It was a little fishing boat, packed with boxes which they started lugging aboard.
Suddenly my suspicions came flooding back - what was in those boxes? Could it be guns? Explosives?
Jeez, was that what this was all about? Had Luna Rossa been selected as the most souped up gun-running blockade breaking speed boat on the planet? Not that it wasn’t pretty good at that. The netting between the two hulls could be used to rope down a lot of those boxes, and there was nothing on water that could catch us.
And they’d be ducking away at the sight of even the slightest whiff of another boat on the horizon.
Oh my god! Had Buff’s deep sea intuition guessed the true story straight away - these truly were the pirates of the Med, genuine gun toting bandits! I had to get away and on land as quickly as possible.
My face must have given me away - or the way I backed away to the furthest corner of the leeward hull - but Rachel came over.
“Relax, Buff” she said. “Do you really still not trust us? You are funny.”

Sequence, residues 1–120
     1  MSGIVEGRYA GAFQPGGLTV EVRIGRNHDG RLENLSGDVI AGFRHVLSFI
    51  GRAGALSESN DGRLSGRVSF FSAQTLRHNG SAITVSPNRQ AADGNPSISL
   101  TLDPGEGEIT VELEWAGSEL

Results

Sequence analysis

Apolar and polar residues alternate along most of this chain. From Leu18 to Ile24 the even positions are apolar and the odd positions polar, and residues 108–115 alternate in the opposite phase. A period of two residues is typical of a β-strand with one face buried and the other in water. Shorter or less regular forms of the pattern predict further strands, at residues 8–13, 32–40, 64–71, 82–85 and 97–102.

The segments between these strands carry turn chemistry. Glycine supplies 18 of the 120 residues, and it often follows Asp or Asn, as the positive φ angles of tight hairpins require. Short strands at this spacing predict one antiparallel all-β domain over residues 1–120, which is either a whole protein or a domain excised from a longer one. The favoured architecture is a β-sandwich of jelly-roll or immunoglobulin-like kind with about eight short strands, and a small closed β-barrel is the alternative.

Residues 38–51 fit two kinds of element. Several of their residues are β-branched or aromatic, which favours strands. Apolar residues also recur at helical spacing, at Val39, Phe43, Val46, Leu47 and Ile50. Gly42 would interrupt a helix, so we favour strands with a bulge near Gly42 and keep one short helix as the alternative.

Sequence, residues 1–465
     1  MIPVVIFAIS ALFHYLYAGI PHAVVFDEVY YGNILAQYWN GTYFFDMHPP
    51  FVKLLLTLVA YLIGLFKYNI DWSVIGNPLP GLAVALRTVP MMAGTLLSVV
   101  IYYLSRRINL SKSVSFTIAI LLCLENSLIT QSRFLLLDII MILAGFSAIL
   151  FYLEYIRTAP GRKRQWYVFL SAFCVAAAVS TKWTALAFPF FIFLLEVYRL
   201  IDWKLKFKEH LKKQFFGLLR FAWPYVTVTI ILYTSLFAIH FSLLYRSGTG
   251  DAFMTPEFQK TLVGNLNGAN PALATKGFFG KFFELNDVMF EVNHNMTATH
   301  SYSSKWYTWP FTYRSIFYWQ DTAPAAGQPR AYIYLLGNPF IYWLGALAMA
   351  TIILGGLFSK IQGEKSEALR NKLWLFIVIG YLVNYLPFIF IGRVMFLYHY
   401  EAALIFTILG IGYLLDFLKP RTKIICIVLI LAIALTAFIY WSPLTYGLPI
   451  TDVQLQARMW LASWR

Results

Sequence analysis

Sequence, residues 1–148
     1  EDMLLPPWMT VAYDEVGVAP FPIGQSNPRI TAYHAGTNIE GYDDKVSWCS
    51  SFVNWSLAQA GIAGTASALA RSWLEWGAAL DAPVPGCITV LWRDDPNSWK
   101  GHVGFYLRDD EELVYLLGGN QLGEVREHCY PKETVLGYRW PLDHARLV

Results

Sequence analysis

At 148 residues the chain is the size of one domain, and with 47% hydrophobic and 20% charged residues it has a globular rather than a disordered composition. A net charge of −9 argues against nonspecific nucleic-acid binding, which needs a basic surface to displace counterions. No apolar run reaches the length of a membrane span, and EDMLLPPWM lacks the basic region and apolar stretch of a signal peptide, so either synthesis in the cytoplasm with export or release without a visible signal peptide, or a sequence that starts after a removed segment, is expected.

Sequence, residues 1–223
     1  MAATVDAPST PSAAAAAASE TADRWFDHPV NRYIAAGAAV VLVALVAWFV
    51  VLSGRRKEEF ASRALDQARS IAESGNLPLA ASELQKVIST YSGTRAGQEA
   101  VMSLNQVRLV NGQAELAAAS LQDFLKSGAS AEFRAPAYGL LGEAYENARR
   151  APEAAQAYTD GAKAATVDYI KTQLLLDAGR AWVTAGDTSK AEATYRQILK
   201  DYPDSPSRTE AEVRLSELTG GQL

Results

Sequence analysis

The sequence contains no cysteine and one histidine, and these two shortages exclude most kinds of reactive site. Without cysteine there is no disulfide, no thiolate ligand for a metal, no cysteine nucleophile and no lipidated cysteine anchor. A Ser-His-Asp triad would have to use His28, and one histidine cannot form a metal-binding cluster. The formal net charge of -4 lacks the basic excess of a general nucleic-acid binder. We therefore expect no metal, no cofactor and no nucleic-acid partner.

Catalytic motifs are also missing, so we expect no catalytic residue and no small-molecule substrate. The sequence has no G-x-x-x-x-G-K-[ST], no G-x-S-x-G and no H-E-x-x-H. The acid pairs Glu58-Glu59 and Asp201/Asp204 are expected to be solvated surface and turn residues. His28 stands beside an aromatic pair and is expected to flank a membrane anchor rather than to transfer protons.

Me? Well I do tell a good joke.
“Come and see for yourself.”
I followed her, wondering how she looked so cool and pretty after a day at sea on a monstrous yacht in the baking heat of day.
“Look” she said, as Doha strapped down some more boxes. “Medicines, bandages, baby food, nothing nasty.”
“And this” said Doha. It was just another box to me.
“We’d ordered a whole range of surgical components for the catheterization theatre at European Gaza Hospital. It was out of action for several months... and that was before the Israeli's starting bombing and destroying the hospitals... before they began to run out of medicines...”
Jeez, women. All of a sudden she was crying, and Rachel sniffing too, comforting Doha.
There was a silence, broken by sniffs and the slap of waves against the hulls, and I wanted to be somewhere else.
“No more; never again” said Doha, making cutting motions with her hand. She stood up and marched to the little fishing boat, or at least as well as one could over netting.
“Her sister - Ali’s other sister - died when the machine broke” said Rachel, softly. “I was visiting Gaza with a Code Pink delegation. It broke my heart; it opened my eyes. So we take these medicines to break the blockade, to remind the world that this is wrong. These are war crimes.”
I don’t get politics but I didn’t want to see Rachel cry again. So when the fishing boat left I stayed on-board and we headed off again, flying faster than the wind, to do a good deed.
To be continued....
(or you can read the earlier version of part 11 here)